UNI observes inaugural ‘Arctic Day’

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UNI observes inaugural ‘Arctic Day’

TONI FORTMANN

TONI FORTMANN

TONI FORTMANN

ANTHONY WITHEROW, Staff Writer

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Friday, Jan. 31 marked the inaugural “Arctic Day” on UNI’s campus as declared by the UNI ARCTICenter.

In honor of the inauguration of Arctic Day, as well as the launch of University of the Arctic (UArctic) on campus, the ARCTICenter held a launch and information session in Rod Library at 11 a.m., followed by a presentation titled “The Peoples of Frozen II: the Saami Culture in the Arctic” held in the Innovative Teaching and Technology Center (ITTC) at 3 p.m. The second session was presented by Tatiana Egorova, a Saami scholar and director of the Indigenous Peoples Office at the Barents Secretariat in Murmansk, Russia. 

UNI’s ARCTICenter grew out of the Arctic Lab in 2011 and was established in 2015 by the Iowa Board of Regents. The center’s mission is to “develop collaboration among faculty, staff, and students who are engaged in research and educational activities pertaining to the Arctic, remote, and cold regions,” according to its website.

On Sept. 20, 2019, UNI’s ARCTICenter was elected a member of the UArctic, a network of nearly 200 universities, research institutes and other organizations dedicated to research and education in and about the North. 

“We have an opportunity to start a tradition that I hope in the future will be picked up across the world,” said ARCTICenter Director Andrey Petrov. “Arctic Day in January will be something we all celebrate together.”

Friday’s morning session featured multiple speakers discussing the Arctic, UArctic opportunities for research and education and indigenous tribes in the United States. 

Petrov began the session by giving a brief summary of the Arctic. He discussed the rapid environmental and social changes, the eight countries in the Arctic and the 30 that are interested in being part of the Arctic Council and the importance it has in developing solutions to combat climate change.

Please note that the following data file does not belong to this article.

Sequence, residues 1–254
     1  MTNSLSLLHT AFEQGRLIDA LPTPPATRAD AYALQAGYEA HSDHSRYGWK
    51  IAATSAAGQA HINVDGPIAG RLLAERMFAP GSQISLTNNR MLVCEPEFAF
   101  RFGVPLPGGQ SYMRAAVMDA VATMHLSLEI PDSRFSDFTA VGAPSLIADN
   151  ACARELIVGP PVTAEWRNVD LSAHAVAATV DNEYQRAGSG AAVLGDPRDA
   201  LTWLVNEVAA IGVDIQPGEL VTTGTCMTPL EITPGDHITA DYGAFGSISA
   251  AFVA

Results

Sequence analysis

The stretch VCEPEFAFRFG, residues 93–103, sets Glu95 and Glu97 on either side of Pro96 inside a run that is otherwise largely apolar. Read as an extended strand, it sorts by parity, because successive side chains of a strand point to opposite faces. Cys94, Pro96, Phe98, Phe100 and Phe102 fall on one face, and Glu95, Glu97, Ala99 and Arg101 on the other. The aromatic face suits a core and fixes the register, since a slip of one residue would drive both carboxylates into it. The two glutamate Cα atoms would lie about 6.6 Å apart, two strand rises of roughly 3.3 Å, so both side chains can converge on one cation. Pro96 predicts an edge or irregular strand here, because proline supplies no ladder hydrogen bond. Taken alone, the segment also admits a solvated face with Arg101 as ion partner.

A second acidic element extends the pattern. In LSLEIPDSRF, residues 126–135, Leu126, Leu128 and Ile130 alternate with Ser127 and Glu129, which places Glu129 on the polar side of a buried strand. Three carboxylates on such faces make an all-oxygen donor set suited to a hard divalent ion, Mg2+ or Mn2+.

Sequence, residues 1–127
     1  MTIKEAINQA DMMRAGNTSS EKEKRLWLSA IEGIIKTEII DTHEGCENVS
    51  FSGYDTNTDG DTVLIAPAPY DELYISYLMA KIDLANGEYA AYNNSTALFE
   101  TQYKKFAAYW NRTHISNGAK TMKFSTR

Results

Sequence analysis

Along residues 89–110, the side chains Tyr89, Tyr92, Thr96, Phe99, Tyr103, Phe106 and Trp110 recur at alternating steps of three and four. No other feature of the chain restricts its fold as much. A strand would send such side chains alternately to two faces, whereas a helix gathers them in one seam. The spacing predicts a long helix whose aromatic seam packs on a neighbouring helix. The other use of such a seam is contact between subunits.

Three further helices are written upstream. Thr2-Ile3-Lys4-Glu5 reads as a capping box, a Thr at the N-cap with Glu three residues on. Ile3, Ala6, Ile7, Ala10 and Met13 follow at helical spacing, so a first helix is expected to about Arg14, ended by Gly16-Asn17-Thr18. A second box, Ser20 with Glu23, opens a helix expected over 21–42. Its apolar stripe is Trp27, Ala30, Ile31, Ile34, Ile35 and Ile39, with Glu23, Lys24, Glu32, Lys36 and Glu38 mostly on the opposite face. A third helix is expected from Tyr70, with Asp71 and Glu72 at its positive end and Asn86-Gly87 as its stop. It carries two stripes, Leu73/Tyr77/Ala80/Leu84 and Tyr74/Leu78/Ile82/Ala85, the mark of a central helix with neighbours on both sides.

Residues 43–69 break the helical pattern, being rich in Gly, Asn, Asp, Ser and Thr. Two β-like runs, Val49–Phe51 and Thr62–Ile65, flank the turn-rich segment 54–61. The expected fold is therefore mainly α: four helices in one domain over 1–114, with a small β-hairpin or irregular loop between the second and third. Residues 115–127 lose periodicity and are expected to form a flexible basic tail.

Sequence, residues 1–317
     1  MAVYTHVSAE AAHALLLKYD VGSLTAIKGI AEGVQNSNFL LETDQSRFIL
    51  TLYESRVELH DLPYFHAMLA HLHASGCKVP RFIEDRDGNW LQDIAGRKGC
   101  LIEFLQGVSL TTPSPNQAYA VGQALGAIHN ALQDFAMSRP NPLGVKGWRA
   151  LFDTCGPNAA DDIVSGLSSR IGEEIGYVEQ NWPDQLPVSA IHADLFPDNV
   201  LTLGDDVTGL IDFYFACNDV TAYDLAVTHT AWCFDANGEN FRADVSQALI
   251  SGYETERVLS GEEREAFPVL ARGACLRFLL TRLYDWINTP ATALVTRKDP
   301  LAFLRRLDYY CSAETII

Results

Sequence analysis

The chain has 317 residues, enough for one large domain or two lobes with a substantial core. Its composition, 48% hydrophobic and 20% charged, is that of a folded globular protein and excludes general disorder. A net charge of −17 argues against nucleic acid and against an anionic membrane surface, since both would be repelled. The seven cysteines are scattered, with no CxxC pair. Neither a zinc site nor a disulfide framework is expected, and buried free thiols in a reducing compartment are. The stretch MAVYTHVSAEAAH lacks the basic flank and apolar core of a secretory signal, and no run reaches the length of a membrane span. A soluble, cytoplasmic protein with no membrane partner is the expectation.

“Some people think of the Arctic as the last chance to understand and deal with dramatic climate and social changes,” Petrov said. “I think, for science, the Arctic represents a critical area of inquiry where we could focus on the most important challenges and the most diverse knowledge systems and find solutions that can be applicable to the rest of the world.”

UArctic President Lars Kullerud spoke at the session via Skype to give a summary of the organization, the state of their Arctic research and the multitude of thematic networks that foster issues-based cooperation with networks focused on responding to topical issues in the area.

“They cover all sorts of ideas,” Kullerud said. “They exist because researchers somewhere had the idea to create [a network]. If the members accept that idea to be worth becoming a group, then people from a few universities work together around it.”

The UArctic has various types of programs that facilitate student experiences, including their “north2north” mobility program, which provides opportunities to study in different parts of the North. Students can improve their knowledge on about Arctic people and issues by taking courses at another circumpolar institution.

“If you’re a student in Iowa and you’d like to visit the North, we have programs that can help you do that, including the north2north scholarship system,” Kullerud said. “I also know that students from the North would much likely want to go to you to study, so you should also find a way to join [north2north] and invite students to you.”

The Indigenous peoples of the Arctic was another big talking point of the day. The Arctic is a homeland for many Indigenous tribes and a space of Indigenous knowledge that has a strong sustainability element. 

Mary Youngbear, registrar for the Meskwaki Cultural Center and Museum in Tama, Iowa, spoke about indigenous tribes in North America. She encouraged everyone in the audience to acknowledge the history of the over 500 North American tribes and take every opportunity they can to learn their history.

“Everywhere you go in this state, there’s a history of other tribes,” Youngbear said. “This land has all of their memories — all their ceremonies, all the songs, they’re still here.”

For those seeking more information about the department and student opportunities, the UNI ARCTICenter office is located in ITTC 348.